Conclusion: I would play this in an 8-man. I would even play this at an FNM, since the results there don't really matter. Not sure I'm brave enough to run this at a major event, or to hope I run hot and avoid the horrible matches. 

 

Bogles
SCG PIQ Top 8 by Austin Bates
Creatures
4 Gladecover Scout
4 Kor Spiritdancer
4 Slippery Bogle
12 cards

Other Spells
2 Unflinching Courage
4 Ethereal Armor
2 Spirit Mantle
4 Spider Umbra
4 Hyena Umbra
4 Daybreak Coronet
2 Keen Sense
2 Suppression Field
4 Rancor
28 cards
Lands
4 Razorverge Thicket
1 Misty Rainforest
4 Horizon Canopy
4 Temple Garden
4 Windswept Heath
2 Plains
1 Forest
20 cards

Slippery Bogle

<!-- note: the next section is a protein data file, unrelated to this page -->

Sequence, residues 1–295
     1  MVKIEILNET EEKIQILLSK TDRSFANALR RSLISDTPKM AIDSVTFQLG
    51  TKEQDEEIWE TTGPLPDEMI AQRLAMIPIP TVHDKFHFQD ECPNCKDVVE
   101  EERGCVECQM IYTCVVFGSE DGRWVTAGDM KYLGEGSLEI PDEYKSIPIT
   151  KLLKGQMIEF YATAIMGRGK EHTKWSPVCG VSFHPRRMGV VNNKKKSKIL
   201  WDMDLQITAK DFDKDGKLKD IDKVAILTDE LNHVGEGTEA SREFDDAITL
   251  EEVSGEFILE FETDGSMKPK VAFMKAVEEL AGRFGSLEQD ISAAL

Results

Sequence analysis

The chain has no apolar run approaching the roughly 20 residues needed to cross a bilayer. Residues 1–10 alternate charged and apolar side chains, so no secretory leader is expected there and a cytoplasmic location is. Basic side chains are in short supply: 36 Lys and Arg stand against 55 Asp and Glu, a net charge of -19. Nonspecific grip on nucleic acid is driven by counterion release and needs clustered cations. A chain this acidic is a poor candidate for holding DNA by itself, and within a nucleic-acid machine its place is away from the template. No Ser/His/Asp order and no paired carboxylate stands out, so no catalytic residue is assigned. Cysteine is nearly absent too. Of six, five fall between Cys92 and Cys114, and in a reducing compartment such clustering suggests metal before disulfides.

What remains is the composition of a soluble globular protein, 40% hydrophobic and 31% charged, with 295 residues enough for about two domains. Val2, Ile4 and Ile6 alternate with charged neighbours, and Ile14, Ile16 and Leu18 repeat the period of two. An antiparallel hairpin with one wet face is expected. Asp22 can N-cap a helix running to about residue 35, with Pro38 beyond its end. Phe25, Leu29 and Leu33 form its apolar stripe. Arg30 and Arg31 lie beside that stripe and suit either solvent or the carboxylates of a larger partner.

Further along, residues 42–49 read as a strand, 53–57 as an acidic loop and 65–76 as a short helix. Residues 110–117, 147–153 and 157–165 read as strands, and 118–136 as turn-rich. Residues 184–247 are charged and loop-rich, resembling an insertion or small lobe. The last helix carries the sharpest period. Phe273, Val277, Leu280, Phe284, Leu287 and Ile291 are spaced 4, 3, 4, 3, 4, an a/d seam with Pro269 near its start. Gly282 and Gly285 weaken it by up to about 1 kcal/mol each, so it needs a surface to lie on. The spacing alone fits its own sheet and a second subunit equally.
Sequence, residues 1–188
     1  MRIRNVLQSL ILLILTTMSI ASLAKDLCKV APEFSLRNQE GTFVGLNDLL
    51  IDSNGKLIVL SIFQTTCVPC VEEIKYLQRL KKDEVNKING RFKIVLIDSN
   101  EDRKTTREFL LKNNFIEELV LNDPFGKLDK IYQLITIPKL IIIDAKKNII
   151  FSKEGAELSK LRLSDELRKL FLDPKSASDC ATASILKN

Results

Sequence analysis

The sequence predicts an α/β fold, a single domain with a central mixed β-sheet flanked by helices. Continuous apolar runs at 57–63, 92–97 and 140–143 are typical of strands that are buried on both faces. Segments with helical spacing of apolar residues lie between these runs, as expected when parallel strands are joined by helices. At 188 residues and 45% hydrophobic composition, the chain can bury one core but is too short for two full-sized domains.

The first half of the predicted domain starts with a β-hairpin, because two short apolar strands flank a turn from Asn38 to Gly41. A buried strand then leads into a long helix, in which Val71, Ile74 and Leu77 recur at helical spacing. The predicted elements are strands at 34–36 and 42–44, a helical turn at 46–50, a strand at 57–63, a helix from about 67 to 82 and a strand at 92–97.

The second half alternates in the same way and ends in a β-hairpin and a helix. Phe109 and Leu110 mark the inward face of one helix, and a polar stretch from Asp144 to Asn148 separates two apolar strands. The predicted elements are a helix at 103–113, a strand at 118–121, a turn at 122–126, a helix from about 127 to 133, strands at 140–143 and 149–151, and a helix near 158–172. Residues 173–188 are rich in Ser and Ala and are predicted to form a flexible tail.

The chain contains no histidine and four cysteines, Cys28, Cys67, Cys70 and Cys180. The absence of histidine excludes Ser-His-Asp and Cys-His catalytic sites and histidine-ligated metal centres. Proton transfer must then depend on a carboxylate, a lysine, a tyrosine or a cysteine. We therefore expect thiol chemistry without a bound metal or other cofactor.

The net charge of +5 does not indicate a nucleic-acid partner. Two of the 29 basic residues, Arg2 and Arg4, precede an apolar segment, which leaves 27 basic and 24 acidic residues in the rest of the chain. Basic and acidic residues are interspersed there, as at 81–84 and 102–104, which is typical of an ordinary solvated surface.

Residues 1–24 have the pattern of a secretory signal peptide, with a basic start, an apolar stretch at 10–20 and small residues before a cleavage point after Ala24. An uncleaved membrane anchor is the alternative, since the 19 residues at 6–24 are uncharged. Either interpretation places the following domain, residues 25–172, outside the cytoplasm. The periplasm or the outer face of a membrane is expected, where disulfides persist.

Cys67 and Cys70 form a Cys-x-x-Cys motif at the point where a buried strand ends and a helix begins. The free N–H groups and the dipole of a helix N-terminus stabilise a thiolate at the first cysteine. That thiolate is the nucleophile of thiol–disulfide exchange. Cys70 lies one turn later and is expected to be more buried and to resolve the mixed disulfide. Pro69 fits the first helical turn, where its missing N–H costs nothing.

Pretty sure everyone has seen the Hexproof deck...AKA Bogles. This deck took the Modern format by storm a few years ago after posting impressive online results, and I was quite honestly shocked to find it only made a lone appearance across multiple large events. This deck is the very definition of a glass cannon. It can have simply amazing results and crush anyone unprepared. As with many decks of this type, if someone is prepared, you can't win consistently. Between hand disruption, sacrifice effects, and global enchantment removal, anyone sleeving this up can have a difficult time, and while still around, it seems to have fallen out of favor recently. I thought, if anything, it would rise in popularity given that it is relatively inexpensive to build and one of the key cards, Daybreak Coronet, was just reprinted in Modern Masters 2. Guess I was wrong on that. Leyline of Sanctity helps the cause, and a case could be made that maybe those could be moved main in place of Suppression Field and a fetch land. The number of overall lands in the deck has increased slightly over time, possibly for the sake of consistency, but given an environment where there is such hostility towards the deck, I would at least want to test it. Making that switch also provides the opportunity to have Leyline of the Void in the sideboard if there continues to be an uprising of graveyard-based strategies.